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Wind energy is part of an essential worldwide solution. There’s no wonder that wind farms have become a common sight. 

In Europe alone, turbines dot our shorelines and flank our highways. For many, their slow, constant turn has simply slipped into the hum of daily life. But there's a careful balance at play. Although these giants of renewable energy work to conserve in one sense, their unyielding turn puts elements of the natural world in danger. 

Their development could threaten important ecological sites, disrupt essential bird migrations and put endangered and native species at risk. That’s why, for every planned and operating wind farm, there’s a collection of ecological specialists working (together) to ensure harmony between wind turbines and the wildlife around them. 

Here, at the cross-section between technical innovation and scientific research, is where Rijkswaterstaat and the University of Amsterdam (UvA) enter our story. 

Partnerships forged in radar

Rijkswaterstaat is a key driver for the development of governmental projects shaping a more sustainable future in the Netherlands. It's their ambition to create an entirely climate-neutral and circular economy by 2050, and their vital work spotlights the impact of human infrastructure on delicate ecological sites. 

A longstanding partner of Robin, Rijkswaterstaat uses seven Robin avian radars to monitor bird movements at multiple offshore sites. Rijkswaterstaat shares its radar data and research with partners and pioneers in Dutch ecology, including UvA. 

The data reaches a talented team of researchers at UvA, led by Prof.dr. Judy Shamoun-Baranes and based at the Institute for Biodiversity and Ecosystem Dynamics (IBED), Faculty of Science. 

Radar data is an important part of their research on bird movement, helping to develop measures and protocols that reduce bird fatalities and protect migrations.  

Informing the protocol that preserves life 

Researchers at UvA are learning all the time, and so are we. UvA researcher, Maja Bradarić said: “The research we are doing can have far-reaching effects in fields of bird behaviour, conservation, ecological management and radar technology. 

“Being one of the few groups using radars to track bird movements, we always strive to work with developers of various radar technologies to help improve them for ecological research. With our research, we also hope to encourage other scientists to delve into the charms of radar. Creating a wider radar network across Europe and beyond could lead to endless possibilities in answering some major ecological questions.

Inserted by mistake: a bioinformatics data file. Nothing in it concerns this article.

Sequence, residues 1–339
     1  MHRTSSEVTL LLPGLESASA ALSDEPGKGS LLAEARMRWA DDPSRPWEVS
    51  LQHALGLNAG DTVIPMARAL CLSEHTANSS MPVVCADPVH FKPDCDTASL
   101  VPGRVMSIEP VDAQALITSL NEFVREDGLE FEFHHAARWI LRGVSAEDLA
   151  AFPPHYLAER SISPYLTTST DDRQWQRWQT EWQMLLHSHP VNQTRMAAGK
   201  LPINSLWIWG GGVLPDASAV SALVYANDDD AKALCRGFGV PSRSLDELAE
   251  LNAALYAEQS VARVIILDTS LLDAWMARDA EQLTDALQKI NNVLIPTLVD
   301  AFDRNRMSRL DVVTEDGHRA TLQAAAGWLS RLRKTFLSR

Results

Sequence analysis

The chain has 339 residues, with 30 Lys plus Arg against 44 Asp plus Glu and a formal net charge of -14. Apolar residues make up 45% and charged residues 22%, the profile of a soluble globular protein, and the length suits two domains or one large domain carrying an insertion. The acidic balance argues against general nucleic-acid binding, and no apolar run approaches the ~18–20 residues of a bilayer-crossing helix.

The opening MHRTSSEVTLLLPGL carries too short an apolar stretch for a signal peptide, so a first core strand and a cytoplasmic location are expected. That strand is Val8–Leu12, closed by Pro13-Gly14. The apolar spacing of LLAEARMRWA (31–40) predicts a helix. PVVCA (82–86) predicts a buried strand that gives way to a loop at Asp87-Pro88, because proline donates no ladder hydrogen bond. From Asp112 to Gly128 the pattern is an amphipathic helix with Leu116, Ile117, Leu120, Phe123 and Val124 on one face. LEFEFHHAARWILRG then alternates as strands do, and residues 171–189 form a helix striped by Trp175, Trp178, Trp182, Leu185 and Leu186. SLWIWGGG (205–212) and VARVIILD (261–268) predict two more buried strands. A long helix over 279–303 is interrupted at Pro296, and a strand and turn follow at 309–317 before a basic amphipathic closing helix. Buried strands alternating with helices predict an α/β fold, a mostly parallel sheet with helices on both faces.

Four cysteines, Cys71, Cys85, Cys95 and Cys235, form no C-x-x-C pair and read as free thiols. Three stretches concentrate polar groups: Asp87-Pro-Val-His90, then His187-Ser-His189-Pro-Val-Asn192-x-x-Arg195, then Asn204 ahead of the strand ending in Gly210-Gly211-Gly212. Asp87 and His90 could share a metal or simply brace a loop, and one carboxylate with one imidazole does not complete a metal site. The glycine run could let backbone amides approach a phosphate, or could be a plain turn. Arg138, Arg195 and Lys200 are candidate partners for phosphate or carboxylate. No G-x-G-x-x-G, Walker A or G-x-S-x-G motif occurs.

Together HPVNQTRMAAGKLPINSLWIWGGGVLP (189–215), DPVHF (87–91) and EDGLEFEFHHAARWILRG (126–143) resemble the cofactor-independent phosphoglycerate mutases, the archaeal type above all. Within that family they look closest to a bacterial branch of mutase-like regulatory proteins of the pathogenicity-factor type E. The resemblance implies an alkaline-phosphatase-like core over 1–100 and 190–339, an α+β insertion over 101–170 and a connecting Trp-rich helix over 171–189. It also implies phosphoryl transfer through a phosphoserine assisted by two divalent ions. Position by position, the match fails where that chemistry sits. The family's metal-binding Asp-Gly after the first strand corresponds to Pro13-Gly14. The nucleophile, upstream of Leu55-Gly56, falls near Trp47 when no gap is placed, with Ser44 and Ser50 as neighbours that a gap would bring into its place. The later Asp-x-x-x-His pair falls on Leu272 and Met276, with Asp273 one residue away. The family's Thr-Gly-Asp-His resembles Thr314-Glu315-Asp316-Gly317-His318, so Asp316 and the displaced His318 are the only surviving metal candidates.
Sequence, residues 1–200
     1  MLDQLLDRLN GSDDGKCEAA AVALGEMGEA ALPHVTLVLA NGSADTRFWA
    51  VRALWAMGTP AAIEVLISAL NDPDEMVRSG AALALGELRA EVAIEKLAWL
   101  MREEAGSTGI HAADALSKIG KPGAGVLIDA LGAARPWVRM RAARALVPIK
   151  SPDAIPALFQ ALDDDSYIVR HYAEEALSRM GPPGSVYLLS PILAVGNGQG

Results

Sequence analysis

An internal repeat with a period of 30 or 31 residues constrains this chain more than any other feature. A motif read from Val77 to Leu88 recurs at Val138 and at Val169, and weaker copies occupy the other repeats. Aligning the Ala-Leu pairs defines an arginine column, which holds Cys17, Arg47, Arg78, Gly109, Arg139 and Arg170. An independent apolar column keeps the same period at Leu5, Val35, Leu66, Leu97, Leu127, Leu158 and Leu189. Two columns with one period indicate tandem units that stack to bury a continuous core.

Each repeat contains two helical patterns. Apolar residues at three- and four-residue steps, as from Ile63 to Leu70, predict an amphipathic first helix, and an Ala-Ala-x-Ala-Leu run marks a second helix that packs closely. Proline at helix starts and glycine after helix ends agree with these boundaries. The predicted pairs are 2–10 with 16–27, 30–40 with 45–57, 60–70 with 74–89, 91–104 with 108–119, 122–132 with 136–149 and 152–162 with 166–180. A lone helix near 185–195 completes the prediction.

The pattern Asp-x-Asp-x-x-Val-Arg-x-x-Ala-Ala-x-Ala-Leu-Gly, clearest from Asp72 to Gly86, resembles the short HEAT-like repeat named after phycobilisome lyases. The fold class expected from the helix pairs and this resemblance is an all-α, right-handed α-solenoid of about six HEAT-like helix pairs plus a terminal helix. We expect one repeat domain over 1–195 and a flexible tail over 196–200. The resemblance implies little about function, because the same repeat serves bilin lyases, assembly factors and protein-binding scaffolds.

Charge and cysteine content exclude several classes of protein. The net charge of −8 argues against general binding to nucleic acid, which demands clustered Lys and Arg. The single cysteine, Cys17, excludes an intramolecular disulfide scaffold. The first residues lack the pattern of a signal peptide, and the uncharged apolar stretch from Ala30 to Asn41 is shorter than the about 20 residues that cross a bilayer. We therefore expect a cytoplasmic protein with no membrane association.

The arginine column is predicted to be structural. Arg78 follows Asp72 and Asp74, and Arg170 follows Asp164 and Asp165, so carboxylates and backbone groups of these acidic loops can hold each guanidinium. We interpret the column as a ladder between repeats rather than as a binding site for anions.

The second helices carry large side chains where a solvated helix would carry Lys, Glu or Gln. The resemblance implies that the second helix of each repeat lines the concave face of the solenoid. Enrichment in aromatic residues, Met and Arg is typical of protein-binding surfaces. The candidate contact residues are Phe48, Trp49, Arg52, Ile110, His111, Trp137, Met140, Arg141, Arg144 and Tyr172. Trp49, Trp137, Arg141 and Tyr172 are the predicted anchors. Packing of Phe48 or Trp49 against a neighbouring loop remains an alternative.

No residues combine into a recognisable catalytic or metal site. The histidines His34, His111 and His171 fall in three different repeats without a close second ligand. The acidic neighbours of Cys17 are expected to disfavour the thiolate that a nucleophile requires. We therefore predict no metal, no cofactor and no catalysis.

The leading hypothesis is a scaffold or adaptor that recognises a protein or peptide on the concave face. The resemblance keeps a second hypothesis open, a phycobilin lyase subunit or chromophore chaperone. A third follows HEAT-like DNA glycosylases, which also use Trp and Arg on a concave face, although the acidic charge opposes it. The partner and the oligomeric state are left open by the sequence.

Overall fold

“Our research focuses on the Dutch North Sea, but findings could inspire similar studies across the world, encouraging the development of similar conservation protocols.” 

Researcher Jens van Erp added: “All of our projects bring us closer to understanding the natural world and developing ways to protect it. We’re especially grateful for funding from organisations such as Rijkswaterstaat and The Dutch Research Council (NWO), who make it possible for us to forge ahead.”

Discover how technology can reduce the environmental impact of wind farms on  birds. Read our eBook.

Trailblazers in migratory turbine shut down

On May 13th, 2023, the whirl of an offshore wind farm near Borssele and Egmond aan Zee slowed to silence. The turbines had stopped, for the first time, to allow the safe passage of a massive predicted migration. The predictive model, developed by UvA and born from an innovative collaboration between Rijkswaterstaat and Robin, paves the way for better protection of biodiversity at offshore wind farms.

Climate Minister Rob Jetten said: “This is an international first; nowhere in the world have offshore wind farms been shut down to protect birds during mass bird migration. We want to keep the impact of wind farms on nature as small as possible and we do this, among other things, with this measure.”